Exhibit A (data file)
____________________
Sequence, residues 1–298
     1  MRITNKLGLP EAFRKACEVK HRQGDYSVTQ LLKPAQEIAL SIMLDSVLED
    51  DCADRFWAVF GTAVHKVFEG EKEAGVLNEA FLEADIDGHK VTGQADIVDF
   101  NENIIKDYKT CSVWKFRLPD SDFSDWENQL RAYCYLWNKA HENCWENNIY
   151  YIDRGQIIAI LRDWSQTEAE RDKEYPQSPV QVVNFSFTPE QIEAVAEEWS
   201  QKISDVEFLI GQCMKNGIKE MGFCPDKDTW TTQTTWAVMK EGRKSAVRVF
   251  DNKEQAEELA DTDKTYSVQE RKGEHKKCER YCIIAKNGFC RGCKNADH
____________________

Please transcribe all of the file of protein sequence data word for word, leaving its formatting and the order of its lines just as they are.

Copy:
Sequence, residues 1–298
     1  MRITNKLGLP EAFRKACEVK HRQGDYSVTQ LLKPAQEIAL SIMLDSVLED
    51  DCADRFWAVF GTAVHKVFEG EKEAGVLNEA FLEADIDGHK VTGQADIVDF
   101  NENIIKDYKT CSVWKFRLPD SDFSDWENQL RAYCYLWNKA HENCWENNIY
   151  YIDRGQIIAI LRDWSQTEAE RDKEYPQSPV QVVNFSFTPE QIEAVAEEWS
   201  QKISDVEFLI GQCMKNGIKE MGFCPDKDTW TTQTTWAVMK EGRKSAVRVF
   251  DNKEQAEELA DTDKTYSVQE RKGEHKKCER YCIIAKNGFC RGCKNADH